AMD Ryzen 7 5800X Review 163

AMD Ryzen 7 5800X Review


Value and Conclusion

  • The AMD Ryzen 7 5800X will retail for $450.
  • Large performance increase over previous generation
  • Huge IPC gains
  • Gaming performance improved
  • Single-CCD design
  • Better application performance than Core i9-10900K
  • Beats Ryzen 9 5900X in some tests
  • Compatible with existing AM4 motherboards
  • Multiplier unlocked
  • Power efficiency improved
  • Support for PCI-Express Gen 4
  • 7 nanometer production process
  • Price increase over previous generation
  • Overclocking barely worth it
  • CPU cooler not included
  • No integrated graphics
AMD has done it again! Their new Ryzen 5000 Series desktop processors bring yet another huge generation-over-generation improvement. Many years ago, the naysayers had talked about AMD just grabbing the low-hanging fruit and that these gains would soon be history—guess not. The new Ryzen 5000 processors have been rearchitected from the ground up with impressive results.

We have a total of three Zen 3 reviews for you today: Ryzen 9 5900X, Ryzen 7 5800X, Ryzen 5 5600X. Our fourth review, of the Ryzen 9 5950X, is half-finished and will be posted soon.

Just like last-generation's Ryzen 7 3800X, the Ryzen 7 5800X is a 8-core/16-thread processor. While the predecessor had a boost clock range of 3.90 to 4.50 GHz, AMD has upped this to 3.80 to 4.70 GHz, which alone brings with it a few percent in performance. AMD was extra careful to ensure compatibility with existing platforms and cooling, so the TDP has remained at 105 W. Because of the architectural changes, we see more than impressive performance in applications. On average, in our mix of single, low and multi-threaded applications, the Ryzen 7 5800X is 19% faster than the Ryzen 7 3800XT. It's also a tiny bit faster than Intel's flagship, the Core i9-10900K. Against the Core i7-10700K, the performance uplift is 13%. AMD really killed most of Intel's high-end with the 5800X, especially at their current pricing. For multi-threaded application use, there's really nothing but the 5800X, 5900X, and 5950X—no Intel competitor in sight. Actually, Ryzen 7 5800X might be the better choice for some scenarios over the Ryzen 9 5900X because the 5800X crams all its eight cores into a single CCD, whereas the 5900X uses a 6+6 dual CCD design. Communication between CCDs has to pass through the IO die and runs at higher latency, which costs a little bit of performance. Looking at our benchmarks, we see this effect in many single or low-threaded applications. The problem seems to be that the Windows Thread Scheduler sometimes moves the application onto another CCD, which means the process has to pack up everything on its current CCD, move to the other CCD, and spin up the workload again. This looks rather like a Microsoft issue than an AMD problem, though.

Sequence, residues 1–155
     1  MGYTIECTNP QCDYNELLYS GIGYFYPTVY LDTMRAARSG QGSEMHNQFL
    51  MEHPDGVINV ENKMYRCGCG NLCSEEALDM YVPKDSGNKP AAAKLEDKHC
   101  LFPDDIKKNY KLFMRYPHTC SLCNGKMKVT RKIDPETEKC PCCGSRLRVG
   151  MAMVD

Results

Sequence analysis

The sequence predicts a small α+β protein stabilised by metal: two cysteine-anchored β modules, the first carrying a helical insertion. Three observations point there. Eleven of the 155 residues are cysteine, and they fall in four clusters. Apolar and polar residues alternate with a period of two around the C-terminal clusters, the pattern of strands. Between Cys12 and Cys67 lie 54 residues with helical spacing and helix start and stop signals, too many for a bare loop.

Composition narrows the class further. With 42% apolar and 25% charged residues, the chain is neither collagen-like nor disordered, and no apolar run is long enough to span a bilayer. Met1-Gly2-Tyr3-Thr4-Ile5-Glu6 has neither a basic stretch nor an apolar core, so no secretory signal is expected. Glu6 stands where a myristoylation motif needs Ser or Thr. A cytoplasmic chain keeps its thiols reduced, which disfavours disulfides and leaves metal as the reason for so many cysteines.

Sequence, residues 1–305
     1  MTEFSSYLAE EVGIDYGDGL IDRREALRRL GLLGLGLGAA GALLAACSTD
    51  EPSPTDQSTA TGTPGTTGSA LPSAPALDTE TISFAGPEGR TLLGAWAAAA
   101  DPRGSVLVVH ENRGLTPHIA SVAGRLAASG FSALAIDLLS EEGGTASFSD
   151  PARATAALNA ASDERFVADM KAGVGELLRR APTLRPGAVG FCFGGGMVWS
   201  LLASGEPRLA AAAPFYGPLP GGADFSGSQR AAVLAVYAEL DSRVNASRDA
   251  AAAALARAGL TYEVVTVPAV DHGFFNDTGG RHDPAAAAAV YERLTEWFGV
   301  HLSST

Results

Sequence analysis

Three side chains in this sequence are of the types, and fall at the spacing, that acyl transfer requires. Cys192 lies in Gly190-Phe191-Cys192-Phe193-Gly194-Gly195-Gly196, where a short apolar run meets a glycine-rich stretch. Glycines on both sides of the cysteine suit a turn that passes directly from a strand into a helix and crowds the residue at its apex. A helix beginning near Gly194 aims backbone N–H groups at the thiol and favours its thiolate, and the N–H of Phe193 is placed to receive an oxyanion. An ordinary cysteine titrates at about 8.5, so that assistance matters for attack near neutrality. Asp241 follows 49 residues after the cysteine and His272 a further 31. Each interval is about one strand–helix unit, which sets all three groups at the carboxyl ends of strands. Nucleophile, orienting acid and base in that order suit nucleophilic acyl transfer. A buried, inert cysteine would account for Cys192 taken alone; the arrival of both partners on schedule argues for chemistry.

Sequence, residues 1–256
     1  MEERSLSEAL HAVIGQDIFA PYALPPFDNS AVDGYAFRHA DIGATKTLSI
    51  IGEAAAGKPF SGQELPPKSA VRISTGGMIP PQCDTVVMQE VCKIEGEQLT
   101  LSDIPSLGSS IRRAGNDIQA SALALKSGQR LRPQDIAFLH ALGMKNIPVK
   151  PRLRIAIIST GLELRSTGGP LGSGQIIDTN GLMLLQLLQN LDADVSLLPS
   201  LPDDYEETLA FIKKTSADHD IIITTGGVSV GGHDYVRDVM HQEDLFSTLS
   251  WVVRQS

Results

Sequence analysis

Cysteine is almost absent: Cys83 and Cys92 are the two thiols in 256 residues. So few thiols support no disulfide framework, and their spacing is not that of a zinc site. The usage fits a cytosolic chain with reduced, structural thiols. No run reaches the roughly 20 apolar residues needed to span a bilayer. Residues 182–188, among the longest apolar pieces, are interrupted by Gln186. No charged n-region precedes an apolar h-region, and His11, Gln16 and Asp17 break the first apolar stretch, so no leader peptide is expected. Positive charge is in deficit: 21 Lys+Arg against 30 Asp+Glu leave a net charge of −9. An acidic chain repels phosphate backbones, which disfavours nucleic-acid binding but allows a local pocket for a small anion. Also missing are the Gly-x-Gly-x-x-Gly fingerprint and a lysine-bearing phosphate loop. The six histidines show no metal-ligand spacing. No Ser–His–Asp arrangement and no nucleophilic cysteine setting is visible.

In their presentations and launch event, AMD has been making noise that they won gaming leadership from Intel. My results are not as convincing, but kinda close. In our mix of 10 games, the Ryzen 7 5800X is around 2% behind the Core i9-10900K across all resolutions, a tiny bit faster than the Ryzen 9 5900X. The advantage over the 5900X certainly comes from the single-CCD design, but it's not big enough to lose any sleep over it. Against Intel, there are more pronounced differences in specific games. Especially Far Cry and Assassin's Creed have always been challenging for Ryzen. Other titles are almost a tie, and in games like Wolfenstein and Sekiro, AMD has indeed taken the performance crown.

I'm not sure if it's the selection of tests or the fact that we're running memory at 3200 MHz and AMD's numbers are at 3600 MHz, the silicon lottery, or something else. I even updated to Windows 20H2 for the scheduler improvements, as the Windows thread scheduler in version 1903 will definitely put loads on the wrong Zen 3 cores (I tested it). The performance loss without the update is a few percent, so make sure to update your OS when upgrading to Zen 3. I am sure AMD's legal team double-checked that their claims are waterproof, so I'll be digging deeper into what's going on, and will keep you updated.